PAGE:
Ihave never tasted a glass of homemade wine that was great… I have also never tasted a glass of homemade wine that wasn’t great… at least in the eyes of the winemaker.
I’m not saying homemade wine is bad—I’ve fortunately only tasted a few of those and that’s when the “I may have to drive later” excuse comes into play. Many of the wines I’ve tasted are actually quite good—take this from someone who’s consumed a fair amount of κρασί, vino and vinho.
A few decades ago, almost every Greek, Italian and Portuguese family made wine. Come September, it was common to see freshly cleaned wooden barrels drying in front of the garage, stacks of crates filled with grapes and a rise in the neighbourhood wasp population.
It was a family affair. With the never-ending list of after-school activities today’s kids have to endure, they wouldn’t have free time to help make wine, but back in the day, juggling hockey, piano lessons or homework for that matter, wasn’t an issue. We were ready to help, and happily accepted our payment in the form of all the grapes we could eat. Unfortunately, all good things come at a price, and that came in the form of quite a few extra trips to the washroom the next day. It was normal to help our fathers and uncles make wine… it was also normal for us to help drink it. I mean, we weren’t guzzling glasses of wine every night but a few drops of wine into our glass of Tang or ginger-ale was quite common. Funny, I don’t remember ever seeing a glass of water on the dinner table.
Homemade wine paired well with meat, fish, chicken, nuts… meals really… any meal. Granted the variety was limited—you’d be hard pressed to find a Merlot, Pinot Noir or Cab. Homemade wine came in just two flavours—red or white… and white was usually reserved for cooking or to make the occasional pitcher of champarrião (a spritzer/shandy combo made with wine, beer, 7-Up and sugar—hope you’re not counting calories). Wine was medicinal—apparently a glass of wine mixed with honey could cure the flu (this may not be proven). It was rustic tasting, and usually [too] strong. It was also pure, containing one simple ingredient—no chemicals, yeast or sulfite just grapes.
Over the years it seems making homemade wine has become a lost art. Why would one waste so much time just to save a few dollars when a bottle of “better tasting” wine can be picked up on our way home from the grocery store?
Truth is, although it is more cost effective to make wine at home, that wasn’t the only reason—it seemed to be more about pride. The wine drinking ritual was a pretty standard practice: guests would come over, a bottle of wine was put on the table, and the bragging would begin. This was usually followed by the taste-test and a counter-invitation made by the guest, something like, “this is good, but you need to try my wine.”
In the 21st century, many people have put away the press and turned to buying pails of juice to fill their barrels. Although this process is less labour intensive and ultimately produces the same product, for those of us who are nostalgic, it’s missing the connection to our past. Naturally, there are critics of this method. Some “experts” claim it’s poorer quality and that they can tell the difference between the two… this, of course is hooey. Trust me, I’ve seen it with my own eyes. I witnessed the same person tricked on two different occasions. The first time this gentleman was visiting a friend and said the wine was quite good considering it was made from juice—he was wrong. A year later, the same man was having dinner at the same friend’s house and praised the wine… because it was made from grapes—wrong again, this year’s batch was made from juice.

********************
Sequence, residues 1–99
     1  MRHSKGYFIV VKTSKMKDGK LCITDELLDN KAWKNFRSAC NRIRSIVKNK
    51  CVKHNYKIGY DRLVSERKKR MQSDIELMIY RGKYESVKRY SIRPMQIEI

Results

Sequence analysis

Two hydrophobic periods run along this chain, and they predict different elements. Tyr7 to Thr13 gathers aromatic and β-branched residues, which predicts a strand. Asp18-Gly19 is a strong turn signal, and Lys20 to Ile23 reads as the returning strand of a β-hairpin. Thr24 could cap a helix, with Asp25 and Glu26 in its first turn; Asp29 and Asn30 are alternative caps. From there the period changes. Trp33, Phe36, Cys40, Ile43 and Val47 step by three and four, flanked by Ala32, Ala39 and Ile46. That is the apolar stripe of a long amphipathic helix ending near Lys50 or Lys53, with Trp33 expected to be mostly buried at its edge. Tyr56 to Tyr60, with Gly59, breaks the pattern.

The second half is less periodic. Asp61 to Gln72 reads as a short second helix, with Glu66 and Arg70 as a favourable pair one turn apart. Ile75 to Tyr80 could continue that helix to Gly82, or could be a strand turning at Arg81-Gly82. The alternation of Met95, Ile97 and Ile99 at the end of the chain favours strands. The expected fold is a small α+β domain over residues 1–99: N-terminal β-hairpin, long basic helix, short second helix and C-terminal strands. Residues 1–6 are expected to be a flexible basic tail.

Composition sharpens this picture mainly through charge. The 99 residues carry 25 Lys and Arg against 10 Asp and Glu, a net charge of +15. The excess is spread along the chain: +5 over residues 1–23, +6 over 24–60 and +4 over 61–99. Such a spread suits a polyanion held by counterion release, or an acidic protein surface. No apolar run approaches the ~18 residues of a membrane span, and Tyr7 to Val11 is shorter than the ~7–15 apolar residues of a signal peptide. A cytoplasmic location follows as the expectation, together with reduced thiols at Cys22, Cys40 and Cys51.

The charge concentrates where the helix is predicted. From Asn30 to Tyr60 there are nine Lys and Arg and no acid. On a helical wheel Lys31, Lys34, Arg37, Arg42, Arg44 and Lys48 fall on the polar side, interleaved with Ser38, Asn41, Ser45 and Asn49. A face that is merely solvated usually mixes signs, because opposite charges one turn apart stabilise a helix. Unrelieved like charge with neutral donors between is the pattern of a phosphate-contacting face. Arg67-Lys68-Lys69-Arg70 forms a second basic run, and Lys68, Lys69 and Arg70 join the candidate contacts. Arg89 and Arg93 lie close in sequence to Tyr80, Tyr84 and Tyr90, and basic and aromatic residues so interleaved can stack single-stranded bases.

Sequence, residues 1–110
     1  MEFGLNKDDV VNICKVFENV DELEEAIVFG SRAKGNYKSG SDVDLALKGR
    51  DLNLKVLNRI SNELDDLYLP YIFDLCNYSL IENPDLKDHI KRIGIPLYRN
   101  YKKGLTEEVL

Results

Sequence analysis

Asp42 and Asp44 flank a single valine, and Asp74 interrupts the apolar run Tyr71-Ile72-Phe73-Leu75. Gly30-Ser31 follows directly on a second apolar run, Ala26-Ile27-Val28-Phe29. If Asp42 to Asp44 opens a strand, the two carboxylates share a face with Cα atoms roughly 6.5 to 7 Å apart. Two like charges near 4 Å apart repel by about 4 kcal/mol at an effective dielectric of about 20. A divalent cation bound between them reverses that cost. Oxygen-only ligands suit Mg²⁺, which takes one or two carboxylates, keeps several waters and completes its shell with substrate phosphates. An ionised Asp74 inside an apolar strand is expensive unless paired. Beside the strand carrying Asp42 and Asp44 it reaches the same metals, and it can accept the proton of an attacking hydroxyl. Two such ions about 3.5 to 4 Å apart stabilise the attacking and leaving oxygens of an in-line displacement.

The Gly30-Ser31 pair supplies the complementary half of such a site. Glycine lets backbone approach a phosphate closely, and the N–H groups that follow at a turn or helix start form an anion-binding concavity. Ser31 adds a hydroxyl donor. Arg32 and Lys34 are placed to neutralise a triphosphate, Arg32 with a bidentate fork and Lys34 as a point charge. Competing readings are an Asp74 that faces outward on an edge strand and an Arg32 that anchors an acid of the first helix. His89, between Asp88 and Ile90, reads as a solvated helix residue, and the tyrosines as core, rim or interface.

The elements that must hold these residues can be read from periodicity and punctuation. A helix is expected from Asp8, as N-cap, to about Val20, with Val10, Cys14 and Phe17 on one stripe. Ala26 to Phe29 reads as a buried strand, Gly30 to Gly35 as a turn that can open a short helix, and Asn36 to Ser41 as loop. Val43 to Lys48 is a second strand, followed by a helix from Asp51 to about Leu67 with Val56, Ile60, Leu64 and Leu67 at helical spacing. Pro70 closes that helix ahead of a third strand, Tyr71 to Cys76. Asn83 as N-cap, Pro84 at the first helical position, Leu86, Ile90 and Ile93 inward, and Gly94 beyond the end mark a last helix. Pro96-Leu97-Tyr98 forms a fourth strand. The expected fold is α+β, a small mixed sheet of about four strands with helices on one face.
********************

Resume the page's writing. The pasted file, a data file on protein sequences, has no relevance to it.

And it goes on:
Wine rant: To the know-it-all-wine-connoisseurs out there, most people cannot tell the difference between a $15 bottle and a $50 bottle—in fact, most experts can’t even tell the difference (in blind taste tests, they rate the same wines differently). If you think you can, good for you, but I say hooey… again.
Making wine seems like it could be something quite complex. A search of the inter-webs will turn up thousands of recipes, videos and theories on how to make your own home brew—everything from one-hour wine made using fruit juice from your local grocery store, to complex sets of instructions using sulfites, stabilizing additives, enzymes, yeasts and acid control additives. It doesn’t need to be that complex. Wine is a living, breathing organism—it doesn’t need a chemist, it needs a babysitter.
The old-school recipe for making wine that I’ve seen used by (basically) everyone is quite simple. The only difference being the winemaker’s choice of grapes:
CLEAN: Equipment must spotless—sanitation is key
CRUSH: Traditionally done by stomping on the grapes, most people find a hand crank crusher to be a convenient option. Make sure to leave the skins and stems—this is natures wild yeast.
PRIMARY FERMENTATION: Let the must ferment for a few days until a cap of grape skins rises.
STIR: Push the cap down and stir the wine a couple of times a day for the next two or three days.
FILL: Start filling you barrel or demijohn with the fermented juice.
PRESS: All those remaining skins contain lots of juice, so press them, collect the juice and add this to the barrel. (Some people make moonshine like aguardente or grappa by distilling the fermented grape skins… but that’s a story for another issue!)
SECONDARY FERMENTATION: Cap the barrel with a water filled air lock to let the gas escape without letting outside air enter. The wine will bubble and burp for a month or so.
RACKING: Syphon the wine to a new barrel leaving the sediment behind.
RACK AGAIN: Do this after 2 months.
BOTTLE: Do this around Easter.
DRINK & ENJOY: You’re now ready to transform grapes into a homemade wine that is [hopefully] great.